The report examines state Medicaid program policies regarding coverage of pregnancy-related services. It details state-level Medicaid eligibility and enrollment policies for pregnant women, as well as scope of coverage for prenatal and screening services, delivery and post-partum care, educational classes and support services.
Featured Reproductive Health Resources
In this brief, the Kaiser Family Foundation outlines 10 ways women could be affected if the ACA is repealed or its provisions are otherwise eliminated or modified, including through changes proposed in the House Republican replacement bill, the American Health Care Act. In particular, the brief analyzes how changes might affect Medicaid and its expansion population, financial assistance in the individual insurance market, coverage for essential health benefits and preventive services such as contraception, abortion, and maternity care, as well as insurance reforms such as gender rating.
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Related Reproductive Health Resources
- Web Briefing for Journalists – Potential Changes to Health Care Access and Coverage: What’s at Stake for Women?
- Preventive Services for Women Covered by Private Health Plans under the Affordable Care Act
- The Mexico City Policy: An Explainer
- Visualizing Health Policy: Intersection of State Abortion Policy and Clinical Practice
- Medicaid Coverage of Family Planning Benefits: Results from a State Survey
- The Hyde Amendment and Coverage for Abortion Services
- Private Insurance Coverage of Contraception
- How Does Where You Work Affect Your Contraceptive Coverage?
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Many women rely on their physicians to help them assess whether they are at risk for STDs and to provide them with information about testing, treatment and how to protect themselves. To better understand how often they discuss and screen for STDs, including HIV, the Kaiser Family Foundation surveyed 767…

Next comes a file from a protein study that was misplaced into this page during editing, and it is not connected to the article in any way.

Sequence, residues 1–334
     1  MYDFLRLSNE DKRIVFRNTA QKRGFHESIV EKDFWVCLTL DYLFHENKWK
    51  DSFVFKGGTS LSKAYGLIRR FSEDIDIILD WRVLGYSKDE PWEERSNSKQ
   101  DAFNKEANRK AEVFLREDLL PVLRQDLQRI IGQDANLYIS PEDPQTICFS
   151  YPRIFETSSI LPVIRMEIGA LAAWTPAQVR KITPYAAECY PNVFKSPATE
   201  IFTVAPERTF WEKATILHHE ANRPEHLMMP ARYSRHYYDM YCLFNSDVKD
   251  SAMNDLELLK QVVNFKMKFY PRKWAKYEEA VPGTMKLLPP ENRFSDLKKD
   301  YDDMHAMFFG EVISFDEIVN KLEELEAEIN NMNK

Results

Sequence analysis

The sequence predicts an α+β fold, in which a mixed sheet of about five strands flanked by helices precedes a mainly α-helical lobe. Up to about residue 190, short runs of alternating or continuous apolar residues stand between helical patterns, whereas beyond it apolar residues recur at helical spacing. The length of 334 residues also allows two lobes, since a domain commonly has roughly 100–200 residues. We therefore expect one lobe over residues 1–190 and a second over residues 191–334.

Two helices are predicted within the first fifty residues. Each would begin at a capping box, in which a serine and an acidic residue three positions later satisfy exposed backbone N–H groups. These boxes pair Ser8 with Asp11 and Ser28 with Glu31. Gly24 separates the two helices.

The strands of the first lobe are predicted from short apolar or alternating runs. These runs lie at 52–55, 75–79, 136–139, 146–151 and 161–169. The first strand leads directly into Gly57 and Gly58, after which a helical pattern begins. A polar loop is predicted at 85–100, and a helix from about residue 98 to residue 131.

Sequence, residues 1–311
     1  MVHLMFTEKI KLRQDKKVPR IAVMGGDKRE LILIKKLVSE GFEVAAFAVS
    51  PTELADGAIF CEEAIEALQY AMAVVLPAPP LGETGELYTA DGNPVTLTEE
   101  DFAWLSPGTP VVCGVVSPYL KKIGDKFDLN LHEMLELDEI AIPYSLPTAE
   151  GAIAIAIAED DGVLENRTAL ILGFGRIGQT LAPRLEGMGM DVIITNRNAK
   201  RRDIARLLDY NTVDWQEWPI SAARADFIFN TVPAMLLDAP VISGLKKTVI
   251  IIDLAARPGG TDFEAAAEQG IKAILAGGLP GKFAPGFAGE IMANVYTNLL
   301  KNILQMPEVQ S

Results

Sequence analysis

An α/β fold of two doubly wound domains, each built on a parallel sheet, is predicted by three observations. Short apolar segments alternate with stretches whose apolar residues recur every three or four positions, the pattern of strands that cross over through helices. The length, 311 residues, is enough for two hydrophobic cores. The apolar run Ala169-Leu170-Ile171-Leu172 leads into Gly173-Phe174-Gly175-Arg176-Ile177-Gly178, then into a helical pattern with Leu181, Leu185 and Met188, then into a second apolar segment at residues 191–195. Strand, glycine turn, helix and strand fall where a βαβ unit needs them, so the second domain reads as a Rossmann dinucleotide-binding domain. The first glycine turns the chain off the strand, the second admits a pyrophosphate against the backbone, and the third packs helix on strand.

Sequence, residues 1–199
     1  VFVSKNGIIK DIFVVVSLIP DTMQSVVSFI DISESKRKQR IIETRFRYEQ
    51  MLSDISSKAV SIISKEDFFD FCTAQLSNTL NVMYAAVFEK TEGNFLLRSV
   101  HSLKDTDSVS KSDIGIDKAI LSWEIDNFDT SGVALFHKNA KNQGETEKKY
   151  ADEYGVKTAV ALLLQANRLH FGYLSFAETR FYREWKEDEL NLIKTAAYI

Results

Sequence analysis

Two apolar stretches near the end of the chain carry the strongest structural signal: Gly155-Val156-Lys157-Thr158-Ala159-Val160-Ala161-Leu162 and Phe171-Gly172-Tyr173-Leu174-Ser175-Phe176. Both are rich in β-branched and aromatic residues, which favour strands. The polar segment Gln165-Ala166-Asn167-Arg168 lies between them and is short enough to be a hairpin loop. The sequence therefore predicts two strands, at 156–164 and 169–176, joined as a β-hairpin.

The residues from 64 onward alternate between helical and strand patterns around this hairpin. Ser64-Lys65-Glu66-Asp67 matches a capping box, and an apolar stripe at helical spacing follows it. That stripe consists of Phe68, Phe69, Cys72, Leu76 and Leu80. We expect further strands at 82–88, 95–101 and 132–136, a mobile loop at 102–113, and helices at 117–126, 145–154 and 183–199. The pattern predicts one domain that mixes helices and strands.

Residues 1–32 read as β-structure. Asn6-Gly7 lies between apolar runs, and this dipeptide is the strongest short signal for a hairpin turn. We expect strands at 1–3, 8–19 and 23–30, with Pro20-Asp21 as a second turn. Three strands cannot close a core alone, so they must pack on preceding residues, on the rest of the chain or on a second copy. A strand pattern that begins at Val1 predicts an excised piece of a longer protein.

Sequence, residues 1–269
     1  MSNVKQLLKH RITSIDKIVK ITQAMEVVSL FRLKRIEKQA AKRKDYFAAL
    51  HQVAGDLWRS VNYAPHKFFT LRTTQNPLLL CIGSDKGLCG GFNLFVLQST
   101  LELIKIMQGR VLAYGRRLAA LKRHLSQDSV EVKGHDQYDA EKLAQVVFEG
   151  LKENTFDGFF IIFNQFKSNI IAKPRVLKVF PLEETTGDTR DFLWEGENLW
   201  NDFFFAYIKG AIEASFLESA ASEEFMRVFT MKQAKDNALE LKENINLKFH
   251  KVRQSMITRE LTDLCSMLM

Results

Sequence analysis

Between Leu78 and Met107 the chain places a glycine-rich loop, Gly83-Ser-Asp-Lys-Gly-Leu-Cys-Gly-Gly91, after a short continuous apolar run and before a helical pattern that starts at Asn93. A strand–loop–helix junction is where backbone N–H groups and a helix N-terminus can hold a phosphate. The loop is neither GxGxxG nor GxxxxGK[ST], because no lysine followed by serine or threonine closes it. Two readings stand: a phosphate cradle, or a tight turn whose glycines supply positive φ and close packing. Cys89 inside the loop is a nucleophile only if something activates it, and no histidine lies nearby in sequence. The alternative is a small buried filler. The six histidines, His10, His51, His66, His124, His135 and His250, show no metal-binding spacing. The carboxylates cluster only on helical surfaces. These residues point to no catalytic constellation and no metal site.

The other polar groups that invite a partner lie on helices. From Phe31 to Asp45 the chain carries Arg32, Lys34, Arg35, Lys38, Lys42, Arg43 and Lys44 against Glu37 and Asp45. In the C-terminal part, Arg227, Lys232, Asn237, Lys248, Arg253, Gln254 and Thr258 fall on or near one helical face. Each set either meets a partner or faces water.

Improving access to prenatal care has been a public policy priority in the United States for the past 15 years. This report, prepared for the Kaiser Family Foundation by Paula Braveman, M.D. of the University of California, San Francisco and others, examines the impact of the Medicaid pregnancy-related expansions and reforms in California on the use of prenatal care during the late 1980s and 1990s.
A study tracking and analyzing how sexual activity and messages related to contraception, unplanned pregnancy, and HIV prevention are communicated in several of the top-rated daytime soap operas.Report:
Elijah Anderson, Ph.D., Department of Sociology, and Patricia Lynn Stern, both of the University of Pennsylvania, explore teen sexuality from the perspectives of youth in two very different Philadelphia communities: an inner-city black neighborhood and a predominantly white working class one. Seminar participants consider how issues such as race, religion,…
A national random-sample telephone survey conducted between January 19-21, 1996 on Americans perceptions of the risks and benefits associated with oral contraceptives, or The Pill. The survey finds that many American men and women have at least some concerns about the safety of oral contraceptives. These findings were presented at…
Researchers, clinicians, and policymakers examine the challenge of improving contraceptive use in the United States through a look at patient-provider relationships, currently available methods of contraception, the needs of special populations, and promising intervention and communication strategies. This article was part of those published as a special supplement to Obstetrics…
Contraception in the 90’s: Which Methods Are Most Widely Used? And, Who Uses What? A fact sheet and resource list on new contraceptive use data from the 1995 National Survey of Family Growth (NSFG) from a briefing on the topic held in New York City on June 20, 1997. Contraception…
Is There Room for Conscience without Compromising Access? Are Affiliations Between Religious and Secular Health Care Organizations Threatening Access?
These resources were prepared for a briefing held for journalists in New York City on November 4, 1997 in New York City as part of a joint program by The Alan Guttmacher Institute, The Kaiser Family Foundation and the National Press Foundation. This program focused on mergers, acquisitions, consolidations, joint ventures, and other affiliations between Catholic and non-Catholic hospitals and health systems and the effect these affiliations have on access to reproductive health services.
A fact sheet, Q&A and resource list prepared for a briefing held for journalists in New York City on December 18, 1997 in New York City as part of a joint program by The Alan Guttmacher Institute, The Kaiser Family Foundation and the National Press Foundation. This program focused on…